[Coral-List] Exotic vs. Invasive - Lionfish control

mtupper mtupper at coastal-resources.org
Wed Feb 20 14:46:44 EST 2013

Dear Listers

I have been following discussions on the GCFI list and Coral-L and it has got me
thinking about the history of invasions and fisheries impacts..

Most people that I have talked to who work exclusively in coral reef systems
seem to view the lionfish invasion as something new and unprecedented. In
contrast most of my temperate fisheries colleagues relate the lionfish invasion
to sea lamprey, alewife, zebra mussels, brown trout, etc. I think there is a lot
to be learned from previous invasions (particularly sea lamprey) when it comes
to controlling lionfish. So far people only seem to be concerned with the
futility of trying to spear lionfish off a reef. In the case of sea lamprey, a
$7 billion a year Great Lakes fishery was at stake, as the lampreys had
decimated lake trout to the point of commercial extirpation. That meant the
government was under a lot of pressure to solve the problem, but like lionfish,
lamprey could not simply be removed. There were just too many. So, researchers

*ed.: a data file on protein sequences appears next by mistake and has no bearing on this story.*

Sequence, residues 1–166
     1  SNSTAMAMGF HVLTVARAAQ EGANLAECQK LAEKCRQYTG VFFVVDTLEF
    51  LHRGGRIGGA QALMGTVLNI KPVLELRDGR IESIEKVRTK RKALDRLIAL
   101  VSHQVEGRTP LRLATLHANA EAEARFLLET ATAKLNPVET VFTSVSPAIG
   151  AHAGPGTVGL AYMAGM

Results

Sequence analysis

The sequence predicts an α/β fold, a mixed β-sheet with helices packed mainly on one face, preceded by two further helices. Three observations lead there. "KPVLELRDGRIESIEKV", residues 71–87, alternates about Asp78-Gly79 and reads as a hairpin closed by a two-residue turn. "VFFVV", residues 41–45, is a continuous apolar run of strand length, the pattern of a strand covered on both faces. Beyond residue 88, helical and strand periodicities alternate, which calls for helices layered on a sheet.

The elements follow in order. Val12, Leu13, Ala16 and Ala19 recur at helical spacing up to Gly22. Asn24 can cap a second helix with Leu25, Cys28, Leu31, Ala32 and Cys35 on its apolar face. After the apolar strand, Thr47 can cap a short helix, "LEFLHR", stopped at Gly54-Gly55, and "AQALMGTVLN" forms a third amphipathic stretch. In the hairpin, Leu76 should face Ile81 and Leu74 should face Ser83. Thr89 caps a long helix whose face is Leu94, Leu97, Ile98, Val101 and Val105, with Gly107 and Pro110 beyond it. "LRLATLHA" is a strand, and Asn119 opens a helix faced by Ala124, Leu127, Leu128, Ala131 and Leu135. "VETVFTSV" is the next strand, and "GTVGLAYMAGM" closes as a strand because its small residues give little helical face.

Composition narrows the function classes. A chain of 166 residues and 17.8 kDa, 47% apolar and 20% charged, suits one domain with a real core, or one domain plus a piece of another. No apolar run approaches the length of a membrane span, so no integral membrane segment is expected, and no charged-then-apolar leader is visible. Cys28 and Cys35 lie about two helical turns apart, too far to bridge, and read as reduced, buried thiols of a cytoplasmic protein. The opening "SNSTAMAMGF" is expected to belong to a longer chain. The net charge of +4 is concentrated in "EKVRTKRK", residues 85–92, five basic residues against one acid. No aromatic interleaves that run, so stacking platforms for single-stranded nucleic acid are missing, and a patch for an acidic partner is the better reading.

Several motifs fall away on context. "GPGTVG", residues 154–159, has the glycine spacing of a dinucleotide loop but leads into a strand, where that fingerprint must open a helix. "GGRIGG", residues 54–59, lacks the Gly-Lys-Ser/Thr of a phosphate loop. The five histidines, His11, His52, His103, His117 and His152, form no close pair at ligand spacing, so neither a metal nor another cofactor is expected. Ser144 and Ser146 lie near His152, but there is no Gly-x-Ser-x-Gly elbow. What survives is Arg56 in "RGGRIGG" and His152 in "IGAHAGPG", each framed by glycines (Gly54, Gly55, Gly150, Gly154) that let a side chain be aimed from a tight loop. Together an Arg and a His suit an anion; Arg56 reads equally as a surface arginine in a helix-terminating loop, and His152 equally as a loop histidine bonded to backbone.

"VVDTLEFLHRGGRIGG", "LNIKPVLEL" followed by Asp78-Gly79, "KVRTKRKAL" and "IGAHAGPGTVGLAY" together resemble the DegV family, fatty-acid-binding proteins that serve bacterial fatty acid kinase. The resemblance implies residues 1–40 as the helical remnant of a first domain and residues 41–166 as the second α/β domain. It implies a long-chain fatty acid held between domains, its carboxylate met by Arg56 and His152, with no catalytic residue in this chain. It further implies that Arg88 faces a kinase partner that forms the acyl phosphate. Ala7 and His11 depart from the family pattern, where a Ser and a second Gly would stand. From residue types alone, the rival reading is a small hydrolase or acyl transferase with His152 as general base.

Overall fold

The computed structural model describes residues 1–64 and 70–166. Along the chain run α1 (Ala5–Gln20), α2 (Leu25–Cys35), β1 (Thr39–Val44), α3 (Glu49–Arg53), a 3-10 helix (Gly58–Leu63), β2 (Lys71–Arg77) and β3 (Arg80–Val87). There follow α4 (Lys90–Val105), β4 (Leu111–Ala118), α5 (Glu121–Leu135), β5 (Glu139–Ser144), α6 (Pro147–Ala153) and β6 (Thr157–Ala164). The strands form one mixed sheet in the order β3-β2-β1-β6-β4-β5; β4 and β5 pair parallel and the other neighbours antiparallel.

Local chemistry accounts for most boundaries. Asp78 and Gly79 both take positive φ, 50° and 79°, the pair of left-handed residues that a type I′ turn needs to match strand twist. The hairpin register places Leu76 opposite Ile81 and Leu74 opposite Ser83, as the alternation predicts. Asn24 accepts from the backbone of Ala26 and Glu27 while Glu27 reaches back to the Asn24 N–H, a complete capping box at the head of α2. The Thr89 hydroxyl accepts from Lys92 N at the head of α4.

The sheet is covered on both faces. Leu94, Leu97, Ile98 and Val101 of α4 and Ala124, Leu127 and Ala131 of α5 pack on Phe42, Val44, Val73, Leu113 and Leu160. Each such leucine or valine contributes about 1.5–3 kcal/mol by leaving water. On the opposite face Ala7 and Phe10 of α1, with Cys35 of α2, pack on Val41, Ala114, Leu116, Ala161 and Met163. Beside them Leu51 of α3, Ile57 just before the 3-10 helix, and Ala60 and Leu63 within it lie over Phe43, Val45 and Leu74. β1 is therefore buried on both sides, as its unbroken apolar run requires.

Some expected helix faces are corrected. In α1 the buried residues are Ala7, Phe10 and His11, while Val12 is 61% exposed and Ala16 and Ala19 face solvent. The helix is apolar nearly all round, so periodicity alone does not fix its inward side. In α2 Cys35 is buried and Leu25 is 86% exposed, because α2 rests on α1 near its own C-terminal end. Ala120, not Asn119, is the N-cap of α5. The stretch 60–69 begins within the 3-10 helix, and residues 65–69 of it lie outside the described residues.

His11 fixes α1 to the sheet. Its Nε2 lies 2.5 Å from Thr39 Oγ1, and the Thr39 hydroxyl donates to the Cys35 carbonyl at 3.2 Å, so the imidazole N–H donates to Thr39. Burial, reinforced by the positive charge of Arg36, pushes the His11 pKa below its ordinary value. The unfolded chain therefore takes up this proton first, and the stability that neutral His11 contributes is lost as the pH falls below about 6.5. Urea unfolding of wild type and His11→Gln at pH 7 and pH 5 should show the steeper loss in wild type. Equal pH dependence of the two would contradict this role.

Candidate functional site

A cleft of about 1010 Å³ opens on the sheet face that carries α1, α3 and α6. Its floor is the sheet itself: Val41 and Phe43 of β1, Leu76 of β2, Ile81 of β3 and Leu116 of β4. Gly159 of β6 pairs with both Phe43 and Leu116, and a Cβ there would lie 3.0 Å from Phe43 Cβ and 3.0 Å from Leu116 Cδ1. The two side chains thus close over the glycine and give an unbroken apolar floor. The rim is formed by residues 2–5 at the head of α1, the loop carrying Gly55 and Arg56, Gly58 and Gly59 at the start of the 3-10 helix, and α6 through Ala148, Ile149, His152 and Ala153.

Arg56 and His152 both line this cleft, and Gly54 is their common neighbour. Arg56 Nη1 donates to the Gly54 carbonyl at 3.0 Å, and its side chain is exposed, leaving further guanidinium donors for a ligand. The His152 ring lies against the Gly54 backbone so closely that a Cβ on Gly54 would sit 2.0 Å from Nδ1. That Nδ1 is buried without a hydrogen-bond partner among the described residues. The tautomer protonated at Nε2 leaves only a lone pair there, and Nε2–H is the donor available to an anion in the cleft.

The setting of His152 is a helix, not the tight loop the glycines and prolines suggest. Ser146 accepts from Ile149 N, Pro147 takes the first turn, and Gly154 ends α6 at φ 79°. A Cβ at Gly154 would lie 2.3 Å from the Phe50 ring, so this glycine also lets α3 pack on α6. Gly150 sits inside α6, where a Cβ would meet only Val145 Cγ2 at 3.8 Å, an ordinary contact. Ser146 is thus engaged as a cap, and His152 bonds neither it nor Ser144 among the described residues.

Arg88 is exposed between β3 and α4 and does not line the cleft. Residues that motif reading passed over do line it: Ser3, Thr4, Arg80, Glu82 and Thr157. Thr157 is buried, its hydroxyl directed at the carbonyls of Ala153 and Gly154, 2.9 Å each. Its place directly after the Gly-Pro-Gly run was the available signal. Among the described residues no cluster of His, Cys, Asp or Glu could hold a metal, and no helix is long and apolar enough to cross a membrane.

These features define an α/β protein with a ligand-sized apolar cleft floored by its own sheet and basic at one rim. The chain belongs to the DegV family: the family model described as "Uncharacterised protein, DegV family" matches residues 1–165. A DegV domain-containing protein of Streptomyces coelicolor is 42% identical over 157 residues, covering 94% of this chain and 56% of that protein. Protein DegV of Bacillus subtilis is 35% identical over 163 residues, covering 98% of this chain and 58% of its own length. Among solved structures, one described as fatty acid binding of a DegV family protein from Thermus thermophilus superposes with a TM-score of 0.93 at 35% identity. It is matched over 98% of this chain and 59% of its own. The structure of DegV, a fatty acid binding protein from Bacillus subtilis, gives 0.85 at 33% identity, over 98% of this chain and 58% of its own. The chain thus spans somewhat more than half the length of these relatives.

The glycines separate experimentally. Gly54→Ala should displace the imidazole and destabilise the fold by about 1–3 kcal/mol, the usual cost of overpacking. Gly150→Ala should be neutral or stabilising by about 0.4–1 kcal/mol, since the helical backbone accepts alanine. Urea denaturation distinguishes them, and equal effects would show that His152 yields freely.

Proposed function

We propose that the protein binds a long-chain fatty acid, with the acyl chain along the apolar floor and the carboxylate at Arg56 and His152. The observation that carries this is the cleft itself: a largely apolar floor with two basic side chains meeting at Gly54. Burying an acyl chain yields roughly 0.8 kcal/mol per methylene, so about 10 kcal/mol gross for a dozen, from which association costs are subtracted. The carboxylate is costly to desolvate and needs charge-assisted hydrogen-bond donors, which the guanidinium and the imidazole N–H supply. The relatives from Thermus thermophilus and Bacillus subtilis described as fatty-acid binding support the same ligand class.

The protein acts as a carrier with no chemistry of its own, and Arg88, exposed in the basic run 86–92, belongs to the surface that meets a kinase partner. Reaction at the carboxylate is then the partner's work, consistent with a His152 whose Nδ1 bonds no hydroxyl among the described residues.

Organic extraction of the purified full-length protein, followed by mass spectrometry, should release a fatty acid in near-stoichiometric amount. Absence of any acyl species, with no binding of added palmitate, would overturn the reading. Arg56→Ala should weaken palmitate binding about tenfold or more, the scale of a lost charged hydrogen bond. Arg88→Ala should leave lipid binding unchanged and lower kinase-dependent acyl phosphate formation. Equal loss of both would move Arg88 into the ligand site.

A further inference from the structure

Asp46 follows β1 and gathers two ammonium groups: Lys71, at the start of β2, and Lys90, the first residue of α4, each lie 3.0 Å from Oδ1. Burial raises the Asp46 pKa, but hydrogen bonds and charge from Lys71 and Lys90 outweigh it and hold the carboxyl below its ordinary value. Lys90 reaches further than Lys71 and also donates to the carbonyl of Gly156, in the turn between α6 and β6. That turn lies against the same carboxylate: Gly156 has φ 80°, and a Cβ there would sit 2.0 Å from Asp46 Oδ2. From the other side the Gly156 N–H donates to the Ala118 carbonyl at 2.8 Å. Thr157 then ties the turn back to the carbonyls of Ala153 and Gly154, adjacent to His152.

got creative and came up with ingenious things like lampricides, which killed
only lamprey larvae and not the larvae of other fish. They also isolated and
were able to manufacture female lamprey pheromone, which was used as an
attractant to gather males into dense clusters where they could be much more
efficiently removed. I think these are some directions worth considering for
lionfish control in the Atlantic. This could be a great line of research for
chemical ecologists.



Dr. Mark Tupper
Coastal Resources Association
207-10822 City Parkway, Surrey, BC, Canada V3T 0C2
Email: mtupper at coastal-resources.org
Tel. 1-604-588-1674; Mobile: 1-604-961-2022

Philippines Office:
Poblacion, Sagay, Camiguin, Philippines 9103
Tel. +63-906-568-3653

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